The Trump administration’s decision to gut funding for Affordable Care Act outreach and advertising has left nonprofits contracted to do that work in Maine scrambling and wondering what happens next.

Ashley McCarthy, the health insurance navigator for Western Maine Community Action, which coordinates efforts across the state to help people sign up for the Affordable Care Act, said it’s difficult to think of the people who will end up without insurance.

“It was a complete shock,” McCarthy said of the news that emerged Friday. “It’s scary to think about all of the people that we’ve helped and what’s going to happen to them.”

Experts say enrollment will likely decline for 2018 because many people won’t be able to enroll without assistance and others will forget without being reminded through outreach efforts or advertising.

About 80,000 Mainers have ACA insurance – many of whom are self-employed or work part-time – and most receive subsidies to help pay the premiums.

Since the ACA marketplace went into effect in 2013, the uninsured rate has plummeted from 18 percent to 11 percent in 2016, according to Gallup polling. The uninsured rate has inched up to 11.7 percent through June 30 of this year, according to Gallup.

McCarthy said Western Maine Community Action heard about the cutbacks in the news, but it hasn’t received any information from the Trump administration about what will happen to the agency’s funding.

“We don’t know how it will affect us. We only know that it will,” McCarthy said.

ADVERTISING FACES 90 PERCENT CUT

The advertising budget by the federal government to help people sign up will be slashed by 90 percent, from $100 million to $10 million, while grants to nonprofits similar to Western Maine will be cut by 40 percent, from $63 million to $36 million, according to The New York Times. Health experts said the Trump administration is sabotaging the ACA for political purposes.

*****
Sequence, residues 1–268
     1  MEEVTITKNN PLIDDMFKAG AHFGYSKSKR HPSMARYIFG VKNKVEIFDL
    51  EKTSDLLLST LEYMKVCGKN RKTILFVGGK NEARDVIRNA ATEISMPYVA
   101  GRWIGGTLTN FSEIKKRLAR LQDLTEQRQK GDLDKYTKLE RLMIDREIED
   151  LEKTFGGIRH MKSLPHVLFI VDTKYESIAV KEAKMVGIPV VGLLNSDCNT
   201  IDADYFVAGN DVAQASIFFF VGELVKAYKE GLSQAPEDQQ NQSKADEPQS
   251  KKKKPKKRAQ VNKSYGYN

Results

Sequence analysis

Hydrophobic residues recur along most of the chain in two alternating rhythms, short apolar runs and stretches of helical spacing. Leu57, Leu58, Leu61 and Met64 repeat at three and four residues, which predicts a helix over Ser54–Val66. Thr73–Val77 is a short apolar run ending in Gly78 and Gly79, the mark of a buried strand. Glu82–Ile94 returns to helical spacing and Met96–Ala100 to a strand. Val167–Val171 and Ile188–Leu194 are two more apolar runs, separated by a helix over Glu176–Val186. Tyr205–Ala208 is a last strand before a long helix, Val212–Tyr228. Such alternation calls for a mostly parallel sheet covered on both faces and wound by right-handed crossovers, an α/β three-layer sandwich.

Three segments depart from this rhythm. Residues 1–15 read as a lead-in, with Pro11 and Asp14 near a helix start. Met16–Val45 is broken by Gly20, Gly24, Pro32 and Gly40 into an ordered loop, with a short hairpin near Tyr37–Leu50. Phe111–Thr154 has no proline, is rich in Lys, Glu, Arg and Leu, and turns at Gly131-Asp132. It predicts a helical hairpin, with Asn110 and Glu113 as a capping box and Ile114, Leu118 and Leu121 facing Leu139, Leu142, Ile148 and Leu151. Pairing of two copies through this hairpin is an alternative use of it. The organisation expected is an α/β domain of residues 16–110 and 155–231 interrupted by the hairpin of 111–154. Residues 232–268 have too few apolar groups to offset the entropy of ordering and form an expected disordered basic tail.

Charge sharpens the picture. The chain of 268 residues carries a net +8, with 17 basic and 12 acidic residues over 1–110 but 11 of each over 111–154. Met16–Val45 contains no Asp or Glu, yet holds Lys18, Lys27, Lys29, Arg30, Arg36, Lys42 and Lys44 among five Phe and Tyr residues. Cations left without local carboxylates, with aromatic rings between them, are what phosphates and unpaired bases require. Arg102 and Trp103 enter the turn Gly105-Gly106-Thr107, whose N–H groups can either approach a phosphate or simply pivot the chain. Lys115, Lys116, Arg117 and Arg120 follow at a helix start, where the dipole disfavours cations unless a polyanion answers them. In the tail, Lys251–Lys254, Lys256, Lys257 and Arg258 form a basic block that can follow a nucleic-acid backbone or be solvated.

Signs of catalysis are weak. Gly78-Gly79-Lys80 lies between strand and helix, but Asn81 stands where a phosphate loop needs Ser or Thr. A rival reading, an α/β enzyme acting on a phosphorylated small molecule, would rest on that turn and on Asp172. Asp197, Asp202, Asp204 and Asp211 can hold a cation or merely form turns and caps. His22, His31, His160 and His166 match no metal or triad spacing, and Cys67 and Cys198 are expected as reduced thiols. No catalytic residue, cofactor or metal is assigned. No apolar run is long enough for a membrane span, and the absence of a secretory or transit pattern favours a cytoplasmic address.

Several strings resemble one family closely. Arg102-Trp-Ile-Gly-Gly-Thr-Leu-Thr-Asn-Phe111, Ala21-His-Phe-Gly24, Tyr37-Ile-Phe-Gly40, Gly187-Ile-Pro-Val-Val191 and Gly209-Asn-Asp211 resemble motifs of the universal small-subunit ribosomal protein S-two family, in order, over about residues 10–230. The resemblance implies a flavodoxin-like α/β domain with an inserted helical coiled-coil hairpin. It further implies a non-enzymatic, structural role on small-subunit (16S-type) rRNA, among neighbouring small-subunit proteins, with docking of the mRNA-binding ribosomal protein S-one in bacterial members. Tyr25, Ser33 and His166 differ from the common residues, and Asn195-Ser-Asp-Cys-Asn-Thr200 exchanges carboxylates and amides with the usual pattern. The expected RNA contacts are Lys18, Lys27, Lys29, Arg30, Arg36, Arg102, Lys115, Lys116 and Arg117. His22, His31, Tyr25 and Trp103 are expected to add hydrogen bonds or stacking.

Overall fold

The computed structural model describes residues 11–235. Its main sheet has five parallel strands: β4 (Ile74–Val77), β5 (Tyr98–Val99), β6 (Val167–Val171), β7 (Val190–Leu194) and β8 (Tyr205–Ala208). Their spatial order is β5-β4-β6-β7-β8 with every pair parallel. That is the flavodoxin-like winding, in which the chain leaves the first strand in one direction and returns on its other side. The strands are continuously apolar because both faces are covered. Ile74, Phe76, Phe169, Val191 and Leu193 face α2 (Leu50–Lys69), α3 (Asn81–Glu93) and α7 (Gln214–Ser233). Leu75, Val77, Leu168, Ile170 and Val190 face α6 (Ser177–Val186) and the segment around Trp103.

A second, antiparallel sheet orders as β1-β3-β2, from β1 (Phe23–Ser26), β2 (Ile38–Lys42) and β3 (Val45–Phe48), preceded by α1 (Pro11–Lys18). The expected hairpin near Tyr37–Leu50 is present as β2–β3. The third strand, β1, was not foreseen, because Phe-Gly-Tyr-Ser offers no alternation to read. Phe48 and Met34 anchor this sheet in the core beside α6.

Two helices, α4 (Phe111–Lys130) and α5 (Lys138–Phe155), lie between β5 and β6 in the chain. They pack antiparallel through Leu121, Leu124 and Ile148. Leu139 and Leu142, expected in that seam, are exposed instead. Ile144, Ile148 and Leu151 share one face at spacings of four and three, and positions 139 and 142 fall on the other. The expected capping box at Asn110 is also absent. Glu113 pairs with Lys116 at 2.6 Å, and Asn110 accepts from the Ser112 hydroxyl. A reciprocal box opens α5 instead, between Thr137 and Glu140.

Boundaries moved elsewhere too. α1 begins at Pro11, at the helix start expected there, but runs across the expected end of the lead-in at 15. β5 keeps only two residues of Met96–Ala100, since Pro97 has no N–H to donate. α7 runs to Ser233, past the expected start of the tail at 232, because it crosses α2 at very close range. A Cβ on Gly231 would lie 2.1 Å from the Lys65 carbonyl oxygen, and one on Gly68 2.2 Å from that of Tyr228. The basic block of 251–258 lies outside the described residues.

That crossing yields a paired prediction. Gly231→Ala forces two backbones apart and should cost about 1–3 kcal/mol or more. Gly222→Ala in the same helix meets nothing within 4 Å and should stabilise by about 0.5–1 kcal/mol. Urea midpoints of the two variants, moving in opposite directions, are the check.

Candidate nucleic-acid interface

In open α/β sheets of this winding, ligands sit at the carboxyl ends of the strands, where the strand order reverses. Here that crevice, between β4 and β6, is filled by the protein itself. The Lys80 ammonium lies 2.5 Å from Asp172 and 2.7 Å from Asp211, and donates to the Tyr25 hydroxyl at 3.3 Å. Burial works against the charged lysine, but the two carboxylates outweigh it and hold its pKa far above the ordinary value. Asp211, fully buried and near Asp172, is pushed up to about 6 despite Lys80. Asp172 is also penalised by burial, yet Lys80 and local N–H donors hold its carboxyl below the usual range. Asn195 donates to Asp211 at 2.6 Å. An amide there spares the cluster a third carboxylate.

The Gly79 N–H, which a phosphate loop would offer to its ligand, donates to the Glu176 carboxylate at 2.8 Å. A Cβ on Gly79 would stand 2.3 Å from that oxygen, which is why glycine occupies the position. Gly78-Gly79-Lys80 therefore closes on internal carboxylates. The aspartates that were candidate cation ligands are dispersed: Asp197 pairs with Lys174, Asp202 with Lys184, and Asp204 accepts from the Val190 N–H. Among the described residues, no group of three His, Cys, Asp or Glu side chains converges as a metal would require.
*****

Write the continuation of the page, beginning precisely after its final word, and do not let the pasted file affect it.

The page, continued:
Trump administration officials argued that because the ACA is well-known, advertising can be cut back.

But Steve Butterfield, public policy director for Maine-based Consumers for Affordable Health Care, said advertising works and discontinuing it will hamper enrollment.

“You would never not advertise Coke simply because people know what Coke is,” Butterfield said.

Also, the health insurance marketplace’s open enrollment period was previously cut in half, so instead of a three-month period during which people could sign up, Nov. 1 to Jan. 31, those purchasing ACA insurance would have from Nov. 1 to Dec. 15 to sign up. As official health insurance navigators, Western Maine receives $521,000 in federal funding per year to station one to three navigators in nine locations around Maine.

“Last year we were able to help over 2,000 consumers across the state with enrollment assistance, general questions about the ACA and health literacy education,” McCarthy said.

McCarthy said they actually reach more people than they count, because they train volunteers to help people sign up for ACA insurance, and the advertising they do also reaches an undetermined number of people.